The question boils down to whether technology should be allowed to circumscribe the value system, or whether the value system should render the technology invalid? I argue, as did Lawrence Lessig, for the latter. Having the value system render technologies inconsistent with it invalid through law (e.g. by removing technical infeasibility as an exception) would force engineers to develop technologies that are consistent with the value system, which society has chosen. Therefore, such a model orients technological development in the direction of the value system that society has chosen for itself and cherishes, as opposed to a parallel value system. In other words, engineers should have the burden of structuring technology according to the ideals chosen by society, rather than the other way round where society adapts to the values and ideals furthered by the technology developed by engineers (a fraction of society).
Moving on, the EU legislation explicitly clarifies that the right doesn’t exist in abrogation of other’s rights and freedoms (refer underlined portion above). However, the Indian PDPB doesn’t provide any clarification regarding the enforcement of the “data portability” right of an individual vis-a-vis others’ rights and freedoms. Consequently, courts would have to make judgment calls as and when issues, involving a conflict between a “data principal’s” (natural person to whom the personal data relates to; the GDPR uses the term “data subject” instead) right to data portability and other’s rights or freedoms, arise.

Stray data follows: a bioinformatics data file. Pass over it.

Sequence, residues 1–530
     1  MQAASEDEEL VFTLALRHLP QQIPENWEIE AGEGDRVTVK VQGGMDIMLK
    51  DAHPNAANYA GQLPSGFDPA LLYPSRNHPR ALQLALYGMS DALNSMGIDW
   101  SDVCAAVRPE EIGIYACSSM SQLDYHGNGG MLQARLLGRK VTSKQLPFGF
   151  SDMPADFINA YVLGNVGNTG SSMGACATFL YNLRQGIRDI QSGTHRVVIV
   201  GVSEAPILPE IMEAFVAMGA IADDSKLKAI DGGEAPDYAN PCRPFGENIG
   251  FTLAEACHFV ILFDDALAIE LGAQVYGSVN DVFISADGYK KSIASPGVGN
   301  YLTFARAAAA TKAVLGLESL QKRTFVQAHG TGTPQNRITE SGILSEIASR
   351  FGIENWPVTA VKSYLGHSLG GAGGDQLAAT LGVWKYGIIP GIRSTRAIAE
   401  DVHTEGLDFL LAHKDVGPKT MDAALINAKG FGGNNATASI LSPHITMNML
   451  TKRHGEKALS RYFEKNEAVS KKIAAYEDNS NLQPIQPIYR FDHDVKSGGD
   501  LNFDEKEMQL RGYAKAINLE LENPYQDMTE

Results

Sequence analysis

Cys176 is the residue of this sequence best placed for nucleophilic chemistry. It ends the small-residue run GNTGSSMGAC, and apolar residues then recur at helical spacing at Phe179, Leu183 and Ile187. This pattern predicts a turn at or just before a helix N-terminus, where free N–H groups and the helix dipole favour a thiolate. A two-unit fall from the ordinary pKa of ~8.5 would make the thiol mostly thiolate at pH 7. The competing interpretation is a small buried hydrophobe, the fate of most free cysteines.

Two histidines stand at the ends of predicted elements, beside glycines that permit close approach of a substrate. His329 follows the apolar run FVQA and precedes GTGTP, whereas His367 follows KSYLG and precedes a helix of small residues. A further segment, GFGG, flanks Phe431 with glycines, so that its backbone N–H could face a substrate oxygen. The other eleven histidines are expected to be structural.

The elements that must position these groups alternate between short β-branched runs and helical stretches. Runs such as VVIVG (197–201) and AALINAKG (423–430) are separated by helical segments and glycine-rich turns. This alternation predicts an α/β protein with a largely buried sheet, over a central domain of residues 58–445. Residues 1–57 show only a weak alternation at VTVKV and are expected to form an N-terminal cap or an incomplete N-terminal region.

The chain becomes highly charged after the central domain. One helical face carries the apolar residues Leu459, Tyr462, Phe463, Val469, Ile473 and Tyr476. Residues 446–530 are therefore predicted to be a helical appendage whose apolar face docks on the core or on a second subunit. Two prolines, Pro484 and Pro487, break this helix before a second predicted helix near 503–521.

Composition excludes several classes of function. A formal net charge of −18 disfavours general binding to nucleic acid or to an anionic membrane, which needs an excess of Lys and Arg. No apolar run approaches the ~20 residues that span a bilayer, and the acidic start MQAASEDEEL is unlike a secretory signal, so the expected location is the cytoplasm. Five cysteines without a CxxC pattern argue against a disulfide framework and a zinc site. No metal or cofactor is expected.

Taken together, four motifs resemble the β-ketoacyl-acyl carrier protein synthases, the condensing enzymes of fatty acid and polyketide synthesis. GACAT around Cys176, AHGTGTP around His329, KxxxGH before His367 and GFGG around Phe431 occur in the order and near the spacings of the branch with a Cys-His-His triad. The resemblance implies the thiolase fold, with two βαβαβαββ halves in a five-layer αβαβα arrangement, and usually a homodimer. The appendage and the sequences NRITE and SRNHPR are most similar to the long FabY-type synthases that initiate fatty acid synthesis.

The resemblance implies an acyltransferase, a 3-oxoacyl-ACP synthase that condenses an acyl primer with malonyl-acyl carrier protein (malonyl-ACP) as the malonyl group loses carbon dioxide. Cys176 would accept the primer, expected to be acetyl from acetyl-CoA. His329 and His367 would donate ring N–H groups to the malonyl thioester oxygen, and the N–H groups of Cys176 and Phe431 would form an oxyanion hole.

Lastly, a difference can be noticed in the manner in which the scope of the right has been framed in either legislation (refer portion in bold above). The PDPB entitles subjects to receive and transfer their personal data solely where the data processing is “automated” (PDPB’s S. 2(7) defines “automated means” as “equipment capable of operation automatically in response to instructions given for the purpose of processing data”). Further narrowing the right’s scope, the PDPB provides exceptions, such as for protection of trade secrets, technical infeasibility, for being in compliance with another law and for furtherance of essential State functions. On the other hand, the GDPR provides the right in instances apart from automated processing, in addition to where the processing is based on consent (Art. 6(1)(a); “consent” defined under Art. 4(11)) and pre-contract obligations (Art. 6(1)(b); means according to a contract). Also, the GDPR provides a slightly different set of exceptions, namely, for technical infeasibility, public interest and exercise of the authority vested in the controller. Additionally, the GDPR provides that the right of data portability cannot prejudice the right to be forgotten (Art. 17). Therefore, it’s quite clear that the legislations are substantially different in demarcating the scope of the data portability right, but an analysis of greater rigour is required for ascertaining the actual ambit of the provisions.
Image taken from here.